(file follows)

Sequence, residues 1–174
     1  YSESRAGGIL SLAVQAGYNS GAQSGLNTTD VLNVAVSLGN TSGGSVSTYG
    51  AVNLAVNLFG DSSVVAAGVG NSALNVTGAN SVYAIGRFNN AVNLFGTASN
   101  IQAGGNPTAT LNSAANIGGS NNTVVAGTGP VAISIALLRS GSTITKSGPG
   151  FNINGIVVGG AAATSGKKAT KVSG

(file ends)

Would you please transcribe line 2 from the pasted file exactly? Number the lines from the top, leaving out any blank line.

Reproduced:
     1  YSESRAGGIL SLAVQAGYNS GAQSGLNTTD VLNVAVSLGN TSGGSVSTYG